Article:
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About Shonumi

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  • Birthday 12/15/1988

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    C++, Java, PHP, Javascript, Actionscript 2.0, XHTML, CSS, XML, SVG, SQL

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  1. There are several different ways in which this can be handled. You're doing something by hand that would ideally be handled by a scripting language. I'd say you should look into something called PHP, a sever-side scripting language that allows you to do things behind the scenes when, for example, a user clicks on a link and is taken to another page. For this, you would basically be using PHP to access a database on your website, usually MySQL to get a list of all the files available for the user to look at. You would then have to program the script to sort based on what the user wants, in this case the author or the month; from there the script would generate an HTML page (PHP can be used to write the HTML before the user sees it) with everything ready to go. The PHP script would use the database to make HTML links on the fly.A second option would be to use a client-side scripting language like JavaScript and it could read in an XML that contains links to all of your articles, along with the dates and authors. Your script could sort them out based on whatever the user wants and then generate a page of links by altering the current page's HTML. Of the two, I'd go for the first as it's more commonly implemented and PHP can't be disabled from the user-end unlike JavaScript. There are dozens of other options to consider, but these are the two I've found to be most convenient. With each, though, you'll still have to update the database or XML file whenever you add more content and articles. But because you'll have a sorting script, you'd need only input basic information once, regardless of where in the database of XML file you put it in. Either way, it's far less work than what you're doing now.W3Schools has all you need to get up and running with PHP and MySQL.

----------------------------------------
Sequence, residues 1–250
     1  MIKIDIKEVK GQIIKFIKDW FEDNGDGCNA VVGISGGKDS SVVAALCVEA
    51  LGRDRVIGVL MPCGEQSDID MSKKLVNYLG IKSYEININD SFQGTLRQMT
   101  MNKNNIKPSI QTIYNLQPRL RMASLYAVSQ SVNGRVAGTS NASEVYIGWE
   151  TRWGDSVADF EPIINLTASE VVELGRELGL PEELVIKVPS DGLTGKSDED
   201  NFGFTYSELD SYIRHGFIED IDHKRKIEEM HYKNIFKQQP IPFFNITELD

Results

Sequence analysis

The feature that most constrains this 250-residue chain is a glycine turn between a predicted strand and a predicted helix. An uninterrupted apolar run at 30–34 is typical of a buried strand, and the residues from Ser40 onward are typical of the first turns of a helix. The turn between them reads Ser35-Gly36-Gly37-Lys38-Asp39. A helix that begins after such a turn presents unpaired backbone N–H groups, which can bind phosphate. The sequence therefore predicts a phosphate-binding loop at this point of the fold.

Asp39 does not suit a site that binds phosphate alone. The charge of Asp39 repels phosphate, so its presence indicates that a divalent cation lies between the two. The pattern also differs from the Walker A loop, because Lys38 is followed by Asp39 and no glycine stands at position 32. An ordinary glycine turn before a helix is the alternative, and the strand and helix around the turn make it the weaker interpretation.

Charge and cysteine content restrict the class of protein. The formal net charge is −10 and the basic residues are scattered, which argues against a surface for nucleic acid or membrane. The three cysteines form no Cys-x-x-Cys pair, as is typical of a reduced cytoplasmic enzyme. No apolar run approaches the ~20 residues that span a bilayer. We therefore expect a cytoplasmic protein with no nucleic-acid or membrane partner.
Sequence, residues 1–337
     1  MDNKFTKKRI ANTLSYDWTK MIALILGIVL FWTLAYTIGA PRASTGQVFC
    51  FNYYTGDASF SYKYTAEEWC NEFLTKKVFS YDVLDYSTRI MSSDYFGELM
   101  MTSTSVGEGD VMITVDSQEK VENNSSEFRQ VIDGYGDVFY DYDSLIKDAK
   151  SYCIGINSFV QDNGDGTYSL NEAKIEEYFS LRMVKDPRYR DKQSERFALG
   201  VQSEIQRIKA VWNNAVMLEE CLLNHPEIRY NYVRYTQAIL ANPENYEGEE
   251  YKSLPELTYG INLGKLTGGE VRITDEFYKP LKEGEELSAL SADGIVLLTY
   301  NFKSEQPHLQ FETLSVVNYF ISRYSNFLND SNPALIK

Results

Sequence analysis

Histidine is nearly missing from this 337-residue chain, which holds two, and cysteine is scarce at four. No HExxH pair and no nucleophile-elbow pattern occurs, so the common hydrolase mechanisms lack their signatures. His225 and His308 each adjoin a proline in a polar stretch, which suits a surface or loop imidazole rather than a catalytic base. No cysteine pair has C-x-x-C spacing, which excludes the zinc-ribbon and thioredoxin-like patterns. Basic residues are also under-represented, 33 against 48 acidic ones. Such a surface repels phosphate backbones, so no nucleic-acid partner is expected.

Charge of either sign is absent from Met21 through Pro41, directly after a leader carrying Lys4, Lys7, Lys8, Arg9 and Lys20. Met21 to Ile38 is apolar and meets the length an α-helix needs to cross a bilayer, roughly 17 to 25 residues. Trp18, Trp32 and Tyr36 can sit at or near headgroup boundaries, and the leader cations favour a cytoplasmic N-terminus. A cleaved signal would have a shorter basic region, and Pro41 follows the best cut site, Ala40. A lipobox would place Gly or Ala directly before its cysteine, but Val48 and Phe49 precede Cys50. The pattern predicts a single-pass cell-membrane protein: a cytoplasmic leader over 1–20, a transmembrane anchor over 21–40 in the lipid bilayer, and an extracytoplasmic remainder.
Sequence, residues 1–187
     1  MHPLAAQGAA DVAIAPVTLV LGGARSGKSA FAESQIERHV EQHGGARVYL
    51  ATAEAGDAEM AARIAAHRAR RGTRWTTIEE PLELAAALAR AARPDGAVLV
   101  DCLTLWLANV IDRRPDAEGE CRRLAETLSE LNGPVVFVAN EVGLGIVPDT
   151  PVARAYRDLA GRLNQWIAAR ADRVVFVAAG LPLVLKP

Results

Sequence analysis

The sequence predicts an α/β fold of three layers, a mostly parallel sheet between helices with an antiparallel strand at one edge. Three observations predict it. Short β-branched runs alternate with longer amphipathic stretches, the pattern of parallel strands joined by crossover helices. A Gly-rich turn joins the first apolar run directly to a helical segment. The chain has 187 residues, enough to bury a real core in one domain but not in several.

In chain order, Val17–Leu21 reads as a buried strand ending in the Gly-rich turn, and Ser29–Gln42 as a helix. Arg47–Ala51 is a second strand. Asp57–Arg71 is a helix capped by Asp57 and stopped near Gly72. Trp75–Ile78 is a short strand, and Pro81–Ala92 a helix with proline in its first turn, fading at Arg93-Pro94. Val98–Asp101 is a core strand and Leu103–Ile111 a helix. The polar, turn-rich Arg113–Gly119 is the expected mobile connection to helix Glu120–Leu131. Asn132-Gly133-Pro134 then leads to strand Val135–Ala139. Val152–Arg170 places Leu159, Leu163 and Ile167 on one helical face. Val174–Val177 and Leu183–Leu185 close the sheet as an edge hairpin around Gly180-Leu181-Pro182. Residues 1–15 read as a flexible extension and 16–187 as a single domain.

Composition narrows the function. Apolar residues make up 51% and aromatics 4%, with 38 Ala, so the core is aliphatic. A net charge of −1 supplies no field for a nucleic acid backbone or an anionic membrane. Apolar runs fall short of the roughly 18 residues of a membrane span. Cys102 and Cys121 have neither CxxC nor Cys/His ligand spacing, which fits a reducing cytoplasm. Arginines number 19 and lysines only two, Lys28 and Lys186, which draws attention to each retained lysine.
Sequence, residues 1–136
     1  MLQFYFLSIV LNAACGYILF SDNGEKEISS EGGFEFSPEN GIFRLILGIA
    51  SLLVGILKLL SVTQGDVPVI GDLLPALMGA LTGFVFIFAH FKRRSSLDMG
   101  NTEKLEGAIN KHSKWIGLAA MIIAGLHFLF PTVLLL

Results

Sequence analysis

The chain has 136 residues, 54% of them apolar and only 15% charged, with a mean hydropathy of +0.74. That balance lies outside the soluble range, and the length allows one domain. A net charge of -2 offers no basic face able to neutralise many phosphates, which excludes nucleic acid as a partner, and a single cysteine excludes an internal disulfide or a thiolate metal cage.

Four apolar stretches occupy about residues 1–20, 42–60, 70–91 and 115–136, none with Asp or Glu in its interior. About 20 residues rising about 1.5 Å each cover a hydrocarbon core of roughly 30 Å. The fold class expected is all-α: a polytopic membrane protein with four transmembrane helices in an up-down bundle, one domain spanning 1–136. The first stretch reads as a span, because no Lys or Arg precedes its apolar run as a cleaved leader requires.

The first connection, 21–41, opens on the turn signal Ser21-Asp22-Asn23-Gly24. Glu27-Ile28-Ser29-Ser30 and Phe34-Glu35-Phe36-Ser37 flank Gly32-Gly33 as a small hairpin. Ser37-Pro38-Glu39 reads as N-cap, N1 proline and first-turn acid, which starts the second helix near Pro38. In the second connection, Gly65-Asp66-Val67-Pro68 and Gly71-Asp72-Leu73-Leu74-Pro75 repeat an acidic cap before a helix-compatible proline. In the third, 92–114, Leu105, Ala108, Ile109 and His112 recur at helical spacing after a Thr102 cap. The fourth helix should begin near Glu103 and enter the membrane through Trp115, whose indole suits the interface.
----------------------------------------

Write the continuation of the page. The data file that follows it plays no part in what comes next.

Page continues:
2. As far as I know, CSS should work just fine. All you're going to need to do is change the color CSS property. Something simple like this works for me. option.red {color: #FF0000;}... later in the actual HTML ...<select><option class="red" value="whatever">Some Red Option Text</option></select> The only gotcha that you might encounter is that in FF, the actual select element itself won't change its color depending on the color of whatever option element is chosen. For IE and Opera (haven't got Safari or Chrome on my machine right now, can't test them), the text of the parent select element does change its color corresponding to the select element that gets highlighted. In FF, it appears as black or whatever default text color has been set by CSS. You can change the CSS of the select element to always default to a certain color, or if you want to ensure that FF and possibly other browsers choose the same color as the option element, a quick bit of JavaScript would help you out.